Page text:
When when I discovered Joint Juice, angels sang. It’s the same stuff in those honking-ass vitamins, but in a tasty liquid that’s only 20+ calories per bottle. Full disclosure: Joint Juice hooked me up with a bunch of juice and asked me to talk about it here on the blog, but I was happy to do so because I was already a fan. I love reviewing stuff – and don’t hold back on my real opinions, even if they’re negative! – but when it comes to something you put in your body, like this supplement, I would never recommend something I didn’t use myself.

And use it I do! It doesn’t erase the pain entirely (nothing will do that), but the aches take longer to set in during a run, and go away faster afterwards. I also threw in a Plyoga class (hello, jump squats and side lunges), lifting, biking, boot camp, and other stuff that make my knees go “nope”, and never slowed down. Even last night’s 4 mile treadmill run felt like a breeze, and the treadmill is usually where my knees go to die!

12366227_932634423495910_7043798340204861021_n

Because I’m a science-behind-the-magic nerd, I learned that glucosamine occurs naturally in your body. We tend to produce less as we age (and piling on the miles doesn’t help either), so supplements like these actually do help. And chondroitin is a major factor in healthy cartilage, meaning that when you combine it with glucosamine, you get improved joint function and mobility.

IMG_2351

Yes, that’s a mini fridge filled with Joint Juice and champagne. This is 32, guys.

Long story short, I highly recommend this stuff! If you’re looking for something to help your joints as you ramp up your spring training, you can find it at Costco, Sam’s Club, Walmart, or order at their online store. I dig the Cran Pomegranate flavor (if you couldn’t tell by the picture of our mini fridge up there), but the Blueberry Acai was delish too. Try it out and let me know how it helps you run happy!

Do you have any favorite supplements of your own? Any knee issue sufferers prefer something different? Let me know in the comments!

Cinderella’s New Shoes

You know that saying “the grass is always greener”? Turns out it applies to running shoes too.

0225

Back in November, I noticed my knees ached after running even shorter distances. The two pairs of trusty Brooks Transcends I rotated (1’s and 2’s) were both getting up there in mileage, after getting one pair in June and the other in July. So I went back to Road Runner and had my gait analyzed, where I discovered that while my Transcends would still be just fine for my over-pronation, their most popular shoe, the Adrenaline, would also work.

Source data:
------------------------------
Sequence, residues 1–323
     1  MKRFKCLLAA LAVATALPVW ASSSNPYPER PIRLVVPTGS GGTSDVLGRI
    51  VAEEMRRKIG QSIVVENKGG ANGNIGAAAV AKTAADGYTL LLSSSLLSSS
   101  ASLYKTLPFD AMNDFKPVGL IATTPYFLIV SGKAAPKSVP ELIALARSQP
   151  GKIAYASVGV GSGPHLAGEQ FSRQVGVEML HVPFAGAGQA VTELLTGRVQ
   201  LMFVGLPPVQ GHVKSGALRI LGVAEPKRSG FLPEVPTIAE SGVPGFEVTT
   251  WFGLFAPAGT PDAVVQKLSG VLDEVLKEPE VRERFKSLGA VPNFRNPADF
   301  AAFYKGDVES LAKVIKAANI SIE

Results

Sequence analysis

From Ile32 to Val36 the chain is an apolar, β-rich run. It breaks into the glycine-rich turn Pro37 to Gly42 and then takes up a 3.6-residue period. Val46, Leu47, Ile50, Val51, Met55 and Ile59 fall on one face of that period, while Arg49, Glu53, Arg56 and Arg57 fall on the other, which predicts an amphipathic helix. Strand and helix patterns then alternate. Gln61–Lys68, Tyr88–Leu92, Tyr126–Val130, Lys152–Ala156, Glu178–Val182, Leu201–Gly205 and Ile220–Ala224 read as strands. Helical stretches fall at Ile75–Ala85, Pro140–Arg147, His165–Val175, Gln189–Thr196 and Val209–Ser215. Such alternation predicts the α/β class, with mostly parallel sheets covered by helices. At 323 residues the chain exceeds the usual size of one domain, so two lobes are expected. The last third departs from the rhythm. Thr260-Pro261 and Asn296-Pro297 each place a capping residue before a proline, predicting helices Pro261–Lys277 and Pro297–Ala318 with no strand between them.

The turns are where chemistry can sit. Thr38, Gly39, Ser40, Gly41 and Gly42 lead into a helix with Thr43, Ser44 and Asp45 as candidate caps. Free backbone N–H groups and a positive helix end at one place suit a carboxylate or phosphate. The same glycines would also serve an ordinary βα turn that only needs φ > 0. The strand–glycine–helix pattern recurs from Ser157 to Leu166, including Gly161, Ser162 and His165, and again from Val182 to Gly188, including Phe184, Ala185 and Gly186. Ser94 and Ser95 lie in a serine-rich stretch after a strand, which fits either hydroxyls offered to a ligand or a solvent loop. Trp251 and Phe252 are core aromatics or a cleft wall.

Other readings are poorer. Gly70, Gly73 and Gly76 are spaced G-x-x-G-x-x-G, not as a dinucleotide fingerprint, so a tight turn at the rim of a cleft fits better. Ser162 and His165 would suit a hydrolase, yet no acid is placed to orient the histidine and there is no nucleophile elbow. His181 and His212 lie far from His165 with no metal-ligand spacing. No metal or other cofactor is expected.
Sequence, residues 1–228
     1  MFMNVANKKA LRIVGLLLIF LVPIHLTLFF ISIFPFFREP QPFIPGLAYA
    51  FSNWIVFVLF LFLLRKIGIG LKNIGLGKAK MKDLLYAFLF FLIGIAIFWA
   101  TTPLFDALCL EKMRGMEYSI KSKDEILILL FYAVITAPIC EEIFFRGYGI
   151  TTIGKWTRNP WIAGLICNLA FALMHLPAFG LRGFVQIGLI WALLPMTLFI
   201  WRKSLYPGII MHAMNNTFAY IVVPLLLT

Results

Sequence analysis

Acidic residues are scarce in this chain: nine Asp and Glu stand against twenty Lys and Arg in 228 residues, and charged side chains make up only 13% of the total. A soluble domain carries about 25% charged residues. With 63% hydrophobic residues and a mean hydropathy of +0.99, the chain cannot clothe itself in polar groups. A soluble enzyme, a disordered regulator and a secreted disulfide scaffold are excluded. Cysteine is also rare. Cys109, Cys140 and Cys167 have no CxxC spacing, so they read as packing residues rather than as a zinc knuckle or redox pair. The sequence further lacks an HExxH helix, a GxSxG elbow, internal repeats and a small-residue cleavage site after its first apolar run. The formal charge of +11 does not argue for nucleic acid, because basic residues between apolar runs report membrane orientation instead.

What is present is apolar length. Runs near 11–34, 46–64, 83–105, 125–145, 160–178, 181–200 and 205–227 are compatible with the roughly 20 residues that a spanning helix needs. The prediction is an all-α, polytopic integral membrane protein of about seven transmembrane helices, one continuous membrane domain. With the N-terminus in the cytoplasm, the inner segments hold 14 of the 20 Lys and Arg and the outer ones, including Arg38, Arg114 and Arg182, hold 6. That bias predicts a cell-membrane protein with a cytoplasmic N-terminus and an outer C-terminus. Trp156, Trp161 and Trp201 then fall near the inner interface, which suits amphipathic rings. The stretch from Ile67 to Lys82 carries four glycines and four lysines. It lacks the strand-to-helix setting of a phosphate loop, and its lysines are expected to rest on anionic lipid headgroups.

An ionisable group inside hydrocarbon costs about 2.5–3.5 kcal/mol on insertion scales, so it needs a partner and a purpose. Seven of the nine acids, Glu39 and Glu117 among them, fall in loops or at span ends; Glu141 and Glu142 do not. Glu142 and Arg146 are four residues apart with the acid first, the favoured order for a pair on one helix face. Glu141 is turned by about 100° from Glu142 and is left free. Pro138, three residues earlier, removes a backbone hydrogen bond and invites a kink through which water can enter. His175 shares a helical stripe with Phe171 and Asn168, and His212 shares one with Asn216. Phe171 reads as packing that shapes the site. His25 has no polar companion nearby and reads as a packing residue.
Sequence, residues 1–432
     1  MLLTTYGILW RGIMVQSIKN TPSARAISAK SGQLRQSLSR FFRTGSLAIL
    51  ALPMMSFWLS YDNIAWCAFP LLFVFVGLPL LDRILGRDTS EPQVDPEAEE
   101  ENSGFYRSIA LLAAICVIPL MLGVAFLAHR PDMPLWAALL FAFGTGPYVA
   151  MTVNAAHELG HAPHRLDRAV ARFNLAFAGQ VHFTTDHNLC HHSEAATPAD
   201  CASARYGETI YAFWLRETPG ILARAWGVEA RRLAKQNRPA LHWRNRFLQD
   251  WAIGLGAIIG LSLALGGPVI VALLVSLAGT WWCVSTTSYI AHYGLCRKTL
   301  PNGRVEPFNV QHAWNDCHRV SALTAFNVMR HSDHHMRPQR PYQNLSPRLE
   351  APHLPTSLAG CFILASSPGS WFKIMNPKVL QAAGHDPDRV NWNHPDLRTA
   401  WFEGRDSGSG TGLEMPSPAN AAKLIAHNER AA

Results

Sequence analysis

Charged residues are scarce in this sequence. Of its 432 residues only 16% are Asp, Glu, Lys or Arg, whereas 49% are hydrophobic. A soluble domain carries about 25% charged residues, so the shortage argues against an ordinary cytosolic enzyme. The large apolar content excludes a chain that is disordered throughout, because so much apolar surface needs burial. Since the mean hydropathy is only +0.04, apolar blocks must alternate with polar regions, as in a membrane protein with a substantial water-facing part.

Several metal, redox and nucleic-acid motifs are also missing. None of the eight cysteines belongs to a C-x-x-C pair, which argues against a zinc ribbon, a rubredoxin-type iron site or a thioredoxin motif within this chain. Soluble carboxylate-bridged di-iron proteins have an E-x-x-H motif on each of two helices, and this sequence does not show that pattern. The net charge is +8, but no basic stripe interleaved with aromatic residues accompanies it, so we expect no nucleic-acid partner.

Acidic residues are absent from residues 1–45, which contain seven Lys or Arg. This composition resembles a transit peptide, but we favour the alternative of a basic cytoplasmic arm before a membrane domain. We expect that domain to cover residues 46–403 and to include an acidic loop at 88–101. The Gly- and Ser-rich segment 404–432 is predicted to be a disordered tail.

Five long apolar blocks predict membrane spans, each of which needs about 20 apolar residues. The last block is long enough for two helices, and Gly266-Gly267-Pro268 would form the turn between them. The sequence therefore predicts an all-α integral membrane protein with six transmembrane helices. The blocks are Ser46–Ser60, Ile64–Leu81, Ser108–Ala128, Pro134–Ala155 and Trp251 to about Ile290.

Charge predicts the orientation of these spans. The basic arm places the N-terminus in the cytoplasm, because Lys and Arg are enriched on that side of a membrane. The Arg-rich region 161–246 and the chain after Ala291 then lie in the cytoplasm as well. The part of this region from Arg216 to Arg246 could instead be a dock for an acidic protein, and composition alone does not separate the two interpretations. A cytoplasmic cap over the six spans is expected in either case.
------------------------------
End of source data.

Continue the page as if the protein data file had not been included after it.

12234929_907406689352017_8285388635018131890_n

I’d been running in my Transcends for years. They were like a piece of well-loved furniture. Comforting, molded to me, you know how it goes. But I was intrigued by a different style. I had the seven-year itch, but for another pair of sneakers. So I caved and bought the Adrenalines.

The first run was great – this shoe is much lighter than the Transcend, and as a result I felt quicker. But there wasn’t as much cushioning. It felt almost like a pair of well-loved Transcends when all the oomph was gone; not like a hug for my foot, but still comfy. I ran shorter distances for two weeks in them, when suddenly I noticed a new kind of ache after a longer run of 6 miles: my arches were killing me and my calves were tight. With super high arches I’d experienced this before, but never like this. Could it be the shoes?

To test it out, I switched back to my old Transcends for my next run and it was like heaven. The aches and pains disappeared, I ran long and steady, and while my knees were kind of ouchy at the end because they were older shoes, my arches and calves felt like new. That’s what I get for cheating on my old lovers!

IMG_1386 (1)

After a few more experimental runs in the Adrenalines vs. the Transcends, I deduced that it was in fact the shoes that were causing me those pains. This is by NO MEANS a knock against Brooks – I’m one of the  brand’s biggest fans and would never think of jumping ship because of this. It just proved to me once again that there is most definitely such a thing as “the right shoe for you”. I’ve heard horror stories from other folks about switching shoes for a cute style or new color only to get sidelined by injury because of the wrong shoe.

So I returned my slightly used Adrenalines (thanks for the full refund, Road Runner Sports!) and went back for good. Because the Transcend 3 is now out and the 2’s gave me a tiny top-of-the-arch issue, the 1’s will forever have my heart. And without knowing what the new style has in store for me, I got 2 pairs of 1’s for the same price as ONE pair of the new 3’s. Bargain shopping for the win!

Have you ever cheated on your perfect shoe before? How did it go?

You’re the Best

First off: I didn’t realize that yesterday’s post would start a chain reaction of warm wishes and personal story sharing that totally turned my day – hell, my MONTH – around.

best

Thank you all so much for your comments, emails, texts, Facebook posts, etc – each new note brought a smile to my face (and yeah, some tears too, because I’m still a little weepy). You guys are really the best out there. The fitness community is so much like a family, and it’s so comforting to know that when things get dark, just throwing a tiny lifeline of a blog post out there into the ether will sound the alarm and bring me a world of sunshine.